Amid serious challenges posed by COVID-19, Ethiopian Airlines this week marked 75 years since it commenced commercial flights. A special event was held to mark the anniversary on board a flight to Cairo.
The company operated its first-ever commercial flight on April 8 1946. It flew from Addis Ababa, the Ethiopian capital to Cairo, Egypt.
The carrier’s initial fleet consisted of five C-47s acquired from the US government. It has since grown to 127 aircraft.
According to the International Air Transport Association (IATA), Ethiopian is Africa’s biggest airline by revenue and profit,
The CEO Tewolde GebreMariam said tough times still lay ahead for aviation as coronavirus pandemic continues to affect international travel.
According to the International Civil Aviation Association (ICAO), The pandemic has hit African airlines especially hard. African airlines were at risk of losing $6 billion in revenue and 3 million jobs in 2020 compared to 2019.
Namibia folded its airline in February while the flag carriers of South Africa and Kenya have indicated they will need millions of dollars in cash assistance to fully restart operations.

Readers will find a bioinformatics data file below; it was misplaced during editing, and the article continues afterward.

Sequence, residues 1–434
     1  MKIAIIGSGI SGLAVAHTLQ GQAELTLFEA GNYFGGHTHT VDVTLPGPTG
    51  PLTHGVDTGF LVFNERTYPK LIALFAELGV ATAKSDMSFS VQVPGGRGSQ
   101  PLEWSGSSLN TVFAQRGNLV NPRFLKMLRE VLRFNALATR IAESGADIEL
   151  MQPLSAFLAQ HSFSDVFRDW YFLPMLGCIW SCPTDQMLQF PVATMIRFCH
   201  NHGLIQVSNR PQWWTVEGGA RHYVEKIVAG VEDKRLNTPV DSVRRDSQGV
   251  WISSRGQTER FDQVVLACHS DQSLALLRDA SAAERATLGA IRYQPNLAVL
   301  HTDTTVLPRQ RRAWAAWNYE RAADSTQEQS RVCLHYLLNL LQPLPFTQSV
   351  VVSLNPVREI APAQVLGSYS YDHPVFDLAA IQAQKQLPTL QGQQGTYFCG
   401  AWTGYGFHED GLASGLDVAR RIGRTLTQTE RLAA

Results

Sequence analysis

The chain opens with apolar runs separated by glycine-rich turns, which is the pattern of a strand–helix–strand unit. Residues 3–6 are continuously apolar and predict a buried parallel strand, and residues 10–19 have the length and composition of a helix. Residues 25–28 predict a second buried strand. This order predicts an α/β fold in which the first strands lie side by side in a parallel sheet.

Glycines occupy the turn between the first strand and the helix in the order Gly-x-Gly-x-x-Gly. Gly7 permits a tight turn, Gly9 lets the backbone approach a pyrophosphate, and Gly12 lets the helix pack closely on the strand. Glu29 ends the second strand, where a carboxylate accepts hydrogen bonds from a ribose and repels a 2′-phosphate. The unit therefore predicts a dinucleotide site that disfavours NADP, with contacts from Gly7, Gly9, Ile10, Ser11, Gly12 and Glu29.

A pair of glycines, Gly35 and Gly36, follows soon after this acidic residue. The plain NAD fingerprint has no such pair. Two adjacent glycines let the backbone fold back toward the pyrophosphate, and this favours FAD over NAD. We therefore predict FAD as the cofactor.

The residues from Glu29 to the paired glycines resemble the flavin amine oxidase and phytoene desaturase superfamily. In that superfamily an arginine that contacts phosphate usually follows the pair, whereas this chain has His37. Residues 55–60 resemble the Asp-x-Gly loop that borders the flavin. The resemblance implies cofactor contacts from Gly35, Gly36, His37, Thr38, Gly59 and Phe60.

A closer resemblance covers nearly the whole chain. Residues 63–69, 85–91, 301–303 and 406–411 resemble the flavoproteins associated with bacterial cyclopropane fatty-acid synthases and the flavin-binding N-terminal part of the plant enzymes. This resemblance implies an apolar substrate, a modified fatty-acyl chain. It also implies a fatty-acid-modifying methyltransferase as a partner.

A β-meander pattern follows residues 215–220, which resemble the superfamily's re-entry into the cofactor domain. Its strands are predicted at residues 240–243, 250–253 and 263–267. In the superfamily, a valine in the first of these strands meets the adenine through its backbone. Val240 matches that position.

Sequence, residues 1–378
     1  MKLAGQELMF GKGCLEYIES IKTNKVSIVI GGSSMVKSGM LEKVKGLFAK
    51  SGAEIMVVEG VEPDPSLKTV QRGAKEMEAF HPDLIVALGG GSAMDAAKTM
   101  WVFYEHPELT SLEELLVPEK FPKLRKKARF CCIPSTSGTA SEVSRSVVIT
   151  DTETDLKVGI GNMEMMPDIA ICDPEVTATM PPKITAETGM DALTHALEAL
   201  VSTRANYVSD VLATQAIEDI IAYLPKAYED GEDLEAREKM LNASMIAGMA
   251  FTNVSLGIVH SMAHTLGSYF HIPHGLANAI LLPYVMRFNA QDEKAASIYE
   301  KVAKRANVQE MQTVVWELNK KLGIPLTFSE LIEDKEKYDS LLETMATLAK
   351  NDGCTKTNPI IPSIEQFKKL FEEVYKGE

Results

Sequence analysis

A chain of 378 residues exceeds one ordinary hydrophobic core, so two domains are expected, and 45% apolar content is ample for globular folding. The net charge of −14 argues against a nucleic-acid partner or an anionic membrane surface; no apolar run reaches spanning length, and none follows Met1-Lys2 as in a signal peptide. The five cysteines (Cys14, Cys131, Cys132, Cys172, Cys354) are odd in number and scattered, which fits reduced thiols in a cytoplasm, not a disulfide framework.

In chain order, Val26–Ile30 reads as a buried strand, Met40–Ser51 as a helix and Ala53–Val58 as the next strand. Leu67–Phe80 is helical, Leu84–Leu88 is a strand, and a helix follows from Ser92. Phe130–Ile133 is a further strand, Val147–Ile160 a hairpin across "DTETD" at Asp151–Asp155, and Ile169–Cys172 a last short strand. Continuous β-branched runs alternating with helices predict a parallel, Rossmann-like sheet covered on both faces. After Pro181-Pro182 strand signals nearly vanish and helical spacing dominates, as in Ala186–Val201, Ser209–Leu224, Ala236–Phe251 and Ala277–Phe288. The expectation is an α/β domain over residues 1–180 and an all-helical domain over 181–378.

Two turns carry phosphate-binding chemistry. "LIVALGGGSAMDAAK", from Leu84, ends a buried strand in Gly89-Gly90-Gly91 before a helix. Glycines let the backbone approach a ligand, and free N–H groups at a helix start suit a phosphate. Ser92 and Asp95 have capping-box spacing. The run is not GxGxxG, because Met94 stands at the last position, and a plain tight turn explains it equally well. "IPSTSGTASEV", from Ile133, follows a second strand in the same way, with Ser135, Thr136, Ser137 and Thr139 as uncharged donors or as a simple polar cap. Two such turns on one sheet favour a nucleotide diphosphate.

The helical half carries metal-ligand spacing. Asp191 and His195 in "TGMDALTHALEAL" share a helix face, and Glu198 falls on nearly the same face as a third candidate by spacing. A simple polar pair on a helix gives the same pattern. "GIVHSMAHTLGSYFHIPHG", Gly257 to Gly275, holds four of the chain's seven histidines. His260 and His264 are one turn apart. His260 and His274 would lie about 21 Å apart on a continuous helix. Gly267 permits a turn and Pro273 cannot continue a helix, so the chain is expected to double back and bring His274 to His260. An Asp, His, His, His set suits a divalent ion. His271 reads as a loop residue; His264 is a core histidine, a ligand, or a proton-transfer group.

To mitigate the damage, Ethiopian Airlines quickly jumped on the opportunity to move tons of medical supplies meant for coronavirus response in Africa.
On top of its 12 dedicated cargo aircraft, the company reconfigured 25 passenger planes turning them into freighters to respond to increased cargo demand.
As well as celebrating its 75th anniversary, Ethiopian Airlines also has reasons to be cheerful regarding its handling of the pandemic. Its CEO, Tewolde GebreMariam, stated that the carrier “[remains] the only commercial airline that hasn’t sought government bailout and didn’t lay off a single employee.”
In December 2020, the company announced the launch of a cold chain air freight to transport temperature-sensitive medicines. It has been contracted to deliver shipments of coronavirus vaccines to various countries in Africa.
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